Working remotely for an extended period has certainly been a new and challenging experience for everyone. This has been especially so for the new research fellows and interns who have joined us over the past few months, often straight from college, and whom we have never met in person! While the challenge is daunting, the good news is that there are excellent tools such as Microsoft Teams to enable remote collaboration. To provide an anchor of normalcy in these times, we at Microsoft Research India, and more broadly at Microsoft, have kept up with our routine just as we used to in the pre-COVID times, with weekly lab meetings, regular project meetings, technical talks, and even a virtual offsite to brainstorm on new research ideas. A silver lining of remote work is that it is a great leveler --- no person or group feels disadvantaged because of their location since everyone is equally close or distant from others, so it is just as easy to collaborate with someone in Delhi or Seattle as it is to work with a colleague in Bengaluru.

Q.In your opinion, what are some of the most exciting technical areas or problems, particularly, for researchers working in machine learning, that may play as game changers for people in the coming years?

I can speak as a user of ML, since I am not an ML researcher myself. A problem area that I am particularly excited about, and one where my colleagues and I are working, is data-driven systems and networking. With the rise of the cloud, and the concentration of computing that it represents, there is the opportunity to instrument and gather large volumes of telemetry about the working of the system. Such telemetry enables the application of ML to simulate, debug, optimize, and improve systems. For example, we are using data to reduce cost in the context of large first-party cloud services (i.e., where the service and the underlying infrastructure are part of the same entity), and separately to simulate networks to enable a realistic evaluation of networked systems.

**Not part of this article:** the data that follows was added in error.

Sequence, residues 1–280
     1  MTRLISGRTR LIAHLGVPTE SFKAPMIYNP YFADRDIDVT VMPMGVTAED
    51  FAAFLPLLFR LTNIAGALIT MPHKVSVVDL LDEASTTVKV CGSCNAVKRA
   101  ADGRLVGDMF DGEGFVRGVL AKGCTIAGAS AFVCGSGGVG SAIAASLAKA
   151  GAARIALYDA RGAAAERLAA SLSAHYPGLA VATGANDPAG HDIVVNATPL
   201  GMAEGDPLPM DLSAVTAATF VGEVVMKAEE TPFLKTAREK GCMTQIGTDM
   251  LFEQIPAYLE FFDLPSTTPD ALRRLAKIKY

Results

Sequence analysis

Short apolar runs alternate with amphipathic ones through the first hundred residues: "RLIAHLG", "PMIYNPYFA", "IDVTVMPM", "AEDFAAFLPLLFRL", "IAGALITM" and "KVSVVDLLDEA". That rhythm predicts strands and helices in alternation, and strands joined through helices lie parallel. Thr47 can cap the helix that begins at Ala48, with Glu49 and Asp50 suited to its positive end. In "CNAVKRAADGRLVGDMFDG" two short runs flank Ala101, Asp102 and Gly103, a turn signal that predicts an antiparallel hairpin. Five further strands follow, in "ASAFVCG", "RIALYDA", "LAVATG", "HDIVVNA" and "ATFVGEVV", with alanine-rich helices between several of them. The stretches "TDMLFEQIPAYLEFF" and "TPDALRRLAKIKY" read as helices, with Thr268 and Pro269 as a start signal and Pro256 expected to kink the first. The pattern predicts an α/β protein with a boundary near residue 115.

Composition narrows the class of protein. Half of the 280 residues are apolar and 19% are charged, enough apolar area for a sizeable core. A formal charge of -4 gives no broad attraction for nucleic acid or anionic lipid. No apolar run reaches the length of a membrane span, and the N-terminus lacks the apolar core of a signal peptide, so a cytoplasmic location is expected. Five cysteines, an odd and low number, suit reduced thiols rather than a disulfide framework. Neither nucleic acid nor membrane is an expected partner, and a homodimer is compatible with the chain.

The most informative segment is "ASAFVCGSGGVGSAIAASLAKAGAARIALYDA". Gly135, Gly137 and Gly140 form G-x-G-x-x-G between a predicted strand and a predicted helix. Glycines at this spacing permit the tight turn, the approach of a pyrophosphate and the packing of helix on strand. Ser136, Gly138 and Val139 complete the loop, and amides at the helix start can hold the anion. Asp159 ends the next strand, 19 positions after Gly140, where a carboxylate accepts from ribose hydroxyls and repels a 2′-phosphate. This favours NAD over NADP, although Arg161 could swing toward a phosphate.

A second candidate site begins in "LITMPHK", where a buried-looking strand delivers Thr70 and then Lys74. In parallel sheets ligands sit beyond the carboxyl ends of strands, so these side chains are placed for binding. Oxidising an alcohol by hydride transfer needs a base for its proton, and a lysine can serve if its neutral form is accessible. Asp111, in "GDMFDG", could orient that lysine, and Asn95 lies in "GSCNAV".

Q. At times, we hear about knowledge gaps of the training received in academics and that required by the industry. With the increased impetus on joint collaborations between the two, do you still see some gaps and have suggestions to overcome the same? 

I think the academic training of students should focus, most importantly, on teaching them how to identify, define, and solve problems, including new ones that require the students to learn on their own and figure things out. While a foundation of standardized knowledge and skills is no doubt important, the fact is that the world, especially the technology world, is changing rapidly and will likely continue to do so. So, the ability to acquire and apply new knowledge is just as important, if not more so, than the foundation.

More broadly, collaboration is important and works best when it is seen as mutually beneficial. For instance, industry could leverage the deep expertise of academic researchers, who in turn could benefit from learning about real-world problems from the industry experts and getting access to data. I have been fortunate to have had productive collaborations on many of my projects, e.g., in HAMS, we collaborated with and co-authored research papers with IIIT Hyderabad and IIT Mumbai, and we also partnered with the Institute of Driving and Traffic Research (IDTR) run by Maruti-Suzuki, the largest car manufacturer in India.